Since the creation of Ethernet in 1973, standards have evolved for specifying faster and more flexible versions of the technology. This ability for Ethernet to improve over time is one of the main reasons that it has become so popular. Early versions of Ethernet were relatively slow at 10 Mbps. The latest versions of Ethernet operate at 10 Gigabits per second and faster. Figure 1 highlights changes in the various versions of Ethernet.
At the data link layer, the frame structure is nearly identical for all speeds of Ethernet. The Ethernet frame structure adds headers and trailers around the Layer 3 PDU to encapsulate the message being sent.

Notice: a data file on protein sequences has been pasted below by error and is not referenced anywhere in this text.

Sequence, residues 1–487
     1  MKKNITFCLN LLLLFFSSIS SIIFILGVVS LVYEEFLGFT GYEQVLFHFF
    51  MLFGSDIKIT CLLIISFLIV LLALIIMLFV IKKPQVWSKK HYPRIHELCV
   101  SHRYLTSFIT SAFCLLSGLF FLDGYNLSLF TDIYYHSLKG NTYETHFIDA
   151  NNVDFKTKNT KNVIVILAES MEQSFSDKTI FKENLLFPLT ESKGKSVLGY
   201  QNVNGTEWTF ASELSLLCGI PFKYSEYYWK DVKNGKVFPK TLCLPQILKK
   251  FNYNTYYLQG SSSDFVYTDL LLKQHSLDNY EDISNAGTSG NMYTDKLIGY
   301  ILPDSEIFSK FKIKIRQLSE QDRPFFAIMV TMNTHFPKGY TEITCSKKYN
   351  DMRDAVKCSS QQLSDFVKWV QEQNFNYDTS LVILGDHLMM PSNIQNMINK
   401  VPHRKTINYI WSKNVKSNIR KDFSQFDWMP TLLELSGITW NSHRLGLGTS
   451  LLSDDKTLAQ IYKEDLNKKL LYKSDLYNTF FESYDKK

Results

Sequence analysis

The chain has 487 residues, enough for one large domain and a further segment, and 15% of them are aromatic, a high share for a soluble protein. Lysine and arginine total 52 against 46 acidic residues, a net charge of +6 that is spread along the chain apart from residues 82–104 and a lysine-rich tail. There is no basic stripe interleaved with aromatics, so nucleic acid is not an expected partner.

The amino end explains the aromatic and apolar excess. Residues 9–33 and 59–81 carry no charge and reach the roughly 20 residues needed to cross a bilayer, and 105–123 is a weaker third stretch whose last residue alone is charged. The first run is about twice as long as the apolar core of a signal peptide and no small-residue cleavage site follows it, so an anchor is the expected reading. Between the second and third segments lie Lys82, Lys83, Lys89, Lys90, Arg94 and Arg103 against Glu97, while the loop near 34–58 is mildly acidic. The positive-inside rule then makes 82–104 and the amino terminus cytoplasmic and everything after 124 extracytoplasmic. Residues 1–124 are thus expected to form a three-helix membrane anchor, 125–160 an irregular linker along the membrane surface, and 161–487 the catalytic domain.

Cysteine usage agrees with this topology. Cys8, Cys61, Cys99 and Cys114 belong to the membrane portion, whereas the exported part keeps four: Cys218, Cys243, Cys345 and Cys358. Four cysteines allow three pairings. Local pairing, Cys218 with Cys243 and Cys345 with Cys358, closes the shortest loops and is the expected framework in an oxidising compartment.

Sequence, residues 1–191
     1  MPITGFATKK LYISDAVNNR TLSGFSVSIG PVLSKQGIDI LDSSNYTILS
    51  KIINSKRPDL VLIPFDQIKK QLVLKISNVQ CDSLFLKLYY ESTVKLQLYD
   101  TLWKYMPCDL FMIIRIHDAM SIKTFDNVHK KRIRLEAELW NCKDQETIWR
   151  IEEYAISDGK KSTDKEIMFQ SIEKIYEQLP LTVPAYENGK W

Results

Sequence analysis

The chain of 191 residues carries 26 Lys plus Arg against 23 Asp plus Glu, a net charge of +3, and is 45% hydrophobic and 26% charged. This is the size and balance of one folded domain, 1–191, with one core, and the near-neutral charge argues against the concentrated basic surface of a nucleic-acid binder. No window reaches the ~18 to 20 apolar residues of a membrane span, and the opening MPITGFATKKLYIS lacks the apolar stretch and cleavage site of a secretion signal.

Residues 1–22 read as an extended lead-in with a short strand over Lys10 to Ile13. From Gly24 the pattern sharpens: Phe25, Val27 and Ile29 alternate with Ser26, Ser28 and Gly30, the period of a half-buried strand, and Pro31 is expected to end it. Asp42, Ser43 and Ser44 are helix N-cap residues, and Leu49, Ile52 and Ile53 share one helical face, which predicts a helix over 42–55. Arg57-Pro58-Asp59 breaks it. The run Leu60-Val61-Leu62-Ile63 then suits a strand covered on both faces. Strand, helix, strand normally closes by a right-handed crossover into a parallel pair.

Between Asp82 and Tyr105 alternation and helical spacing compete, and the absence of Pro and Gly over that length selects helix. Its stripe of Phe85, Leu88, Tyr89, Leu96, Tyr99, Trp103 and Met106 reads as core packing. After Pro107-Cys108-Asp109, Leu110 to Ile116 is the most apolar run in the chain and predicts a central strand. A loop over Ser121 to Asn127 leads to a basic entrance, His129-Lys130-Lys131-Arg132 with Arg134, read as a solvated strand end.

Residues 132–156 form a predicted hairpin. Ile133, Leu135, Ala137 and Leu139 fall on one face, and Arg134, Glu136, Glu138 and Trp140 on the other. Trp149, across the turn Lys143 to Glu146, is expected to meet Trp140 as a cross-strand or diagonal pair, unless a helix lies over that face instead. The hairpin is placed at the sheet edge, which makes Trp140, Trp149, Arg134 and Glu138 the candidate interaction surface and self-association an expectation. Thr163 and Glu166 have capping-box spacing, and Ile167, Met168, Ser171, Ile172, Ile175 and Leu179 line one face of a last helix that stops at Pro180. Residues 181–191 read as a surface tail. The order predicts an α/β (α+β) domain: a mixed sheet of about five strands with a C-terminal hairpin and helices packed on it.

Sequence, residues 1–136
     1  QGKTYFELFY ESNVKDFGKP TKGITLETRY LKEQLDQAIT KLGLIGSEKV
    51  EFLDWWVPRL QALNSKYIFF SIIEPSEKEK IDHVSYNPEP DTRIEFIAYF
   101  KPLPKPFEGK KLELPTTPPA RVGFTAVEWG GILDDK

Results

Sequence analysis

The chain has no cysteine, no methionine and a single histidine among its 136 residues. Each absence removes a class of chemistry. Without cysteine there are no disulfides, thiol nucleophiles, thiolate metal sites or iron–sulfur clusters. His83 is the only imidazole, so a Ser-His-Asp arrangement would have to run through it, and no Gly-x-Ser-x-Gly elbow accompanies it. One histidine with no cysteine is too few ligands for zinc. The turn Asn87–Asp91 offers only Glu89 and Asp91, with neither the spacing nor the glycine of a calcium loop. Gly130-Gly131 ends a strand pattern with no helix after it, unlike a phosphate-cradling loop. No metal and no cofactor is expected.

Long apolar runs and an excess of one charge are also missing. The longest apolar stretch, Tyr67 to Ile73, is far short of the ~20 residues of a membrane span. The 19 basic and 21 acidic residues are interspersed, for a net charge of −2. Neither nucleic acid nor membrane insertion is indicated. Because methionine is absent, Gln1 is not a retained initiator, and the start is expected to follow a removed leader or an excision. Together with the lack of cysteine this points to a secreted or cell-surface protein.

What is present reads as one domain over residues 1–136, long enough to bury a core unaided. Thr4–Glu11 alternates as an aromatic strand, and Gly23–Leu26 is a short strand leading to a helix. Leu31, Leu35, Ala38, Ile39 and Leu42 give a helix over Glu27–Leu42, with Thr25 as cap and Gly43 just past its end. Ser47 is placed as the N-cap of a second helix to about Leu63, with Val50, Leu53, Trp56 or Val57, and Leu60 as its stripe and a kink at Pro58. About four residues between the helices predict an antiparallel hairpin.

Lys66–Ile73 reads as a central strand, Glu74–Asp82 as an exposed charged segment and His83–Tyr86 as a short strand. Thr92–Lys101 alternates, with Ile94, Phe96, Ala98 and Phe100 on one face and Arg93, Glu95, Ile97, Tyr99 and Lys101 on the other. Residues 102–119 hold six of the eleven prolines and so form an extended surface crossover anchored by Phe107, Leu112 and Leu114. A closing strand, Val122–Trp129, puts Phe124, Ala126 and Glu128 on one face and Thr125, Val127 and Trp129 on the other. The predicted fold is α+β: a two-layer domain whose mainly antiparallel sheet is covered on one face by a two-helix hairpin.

Both the Ethernet header and trailer have several sections of information that are used by the Ethernet protocol. Each section of the frame is called a field. As shown in Figure 2, there are two styles of Ethernet framing:
- IEEE 802.3 Ethernet standard which has been updated several times to include new technologies
- The DIX Ethernet standard which is now referred to Ethernet II
The differences between framing styles are minimal. The most significant difference between the two standards is the addition of a Start Frame Delimiter (SFD) and the change of the Type field to a Length field in the 802.3.
Ethernet II is the Ethernet frame format used in TCP/IP networks.